Nile Gardiner has this to say about the Obama administration:
This week, thanks to unprecedented levels of Congressional and mainstream media scrutiny of the actions of the Obama administration, the American people have been given a powerful insight into the way in which this presidency has operated. For far too long, the Obama administration has acted like an imperial court rather than a government that is accountable to the nation. The White House’s culture of arrogance and impunity, coupled with a deeply unpleasant vindictiveness, is increasingly there for all to see. Suppression of political dissent, a callous disregard for the loss of American life in Benghazi, and the relentless rise of big government – these will be three of the most of enduring images of Barack Obama’s imperial presidency.
In some ways, however, one could argue that the thuggery, deviousness and unpleasantness of this administration – and let’s not forget the Fast and Furious scandal, which is arguably the worst of all of them – in some ways shows that Barack Obama and his colleagues are not particularly crafty men (and women). If they were really as smart as some think, they would not have allowed some of these disasters to have seen the light of day. Perhaps what the stories suggest is that – as Brian Micklethwait suggested in a comment thread note the other day – that years of enjoying a placid, supine MSM meant that Obama and his colleagues got cocky. They probably thought that no matter how bad behaviour was, whether it was the ACORN episode, the blame-the-other-side nonsense over the budget impasse, Fast and Furious, Libya, insults to old friends (the UK, Poland), failure to shut down Gitmo (as promised), the IRS harassments, the AP phone record stories, etc, etc, that nothing would happen. Jon Stewart would continue to mock mostly Republicans. The MSM would, at most, treat these and other episodes as distractions. (At Reason magazine, here is an example, nicely dissected.) But I think what the administration failed to see is that even in a situation like this, cockiness will lead to a series of disasters and scandals so bad that even usual allies wake up. There is a certain inevitability. The passing of time means memories of how glamorous and appealing Obama seemed have faded.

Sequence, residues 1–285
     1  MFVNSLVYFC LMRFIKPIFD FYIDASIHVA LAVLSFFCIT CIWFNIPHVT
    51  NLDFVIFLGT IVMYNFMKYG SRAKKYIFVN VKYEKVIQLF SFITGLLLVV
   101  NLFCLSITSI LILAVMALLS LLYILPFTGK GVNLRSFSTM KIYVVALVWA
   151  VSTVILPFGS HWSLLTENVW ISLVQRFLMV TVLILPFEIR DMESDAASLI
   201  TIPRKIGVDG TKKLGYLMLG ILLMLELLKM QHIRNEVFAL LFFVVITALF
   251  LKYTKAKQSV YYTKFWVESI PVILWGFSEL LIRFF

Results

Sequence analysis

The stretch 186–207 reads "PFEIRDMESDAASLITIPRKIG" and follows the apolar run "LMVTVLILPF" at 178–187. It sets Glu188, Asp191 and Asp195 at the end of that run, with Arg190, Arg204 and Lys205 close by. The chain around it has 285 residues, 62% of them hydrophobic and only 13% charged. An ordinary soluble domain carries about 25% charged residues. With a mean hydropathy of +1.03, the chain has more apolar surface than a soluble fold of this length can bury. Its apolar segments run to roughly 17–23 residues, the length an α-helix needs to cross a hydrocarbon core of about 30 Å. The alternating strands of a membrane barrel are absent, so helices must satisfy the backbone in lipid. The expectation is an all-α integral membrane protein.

Another point is that when Obama was elected, the expectation was enormous, although commentators at the time, such as Glenn Reynolds in the US and James Delingpole in Britain pointed out the gulf between the rhetoric, the image, and the reality. That gap has become so vast, and so difficult to ignore, that the media coverage of Obama is getting worse and worse. And all the while voters in the US are understanding that the sort of people who run the IRS will be running healthcare. Marvellous.
Eventually, even Andrew Sullivan will slag him off. Then it’s all over.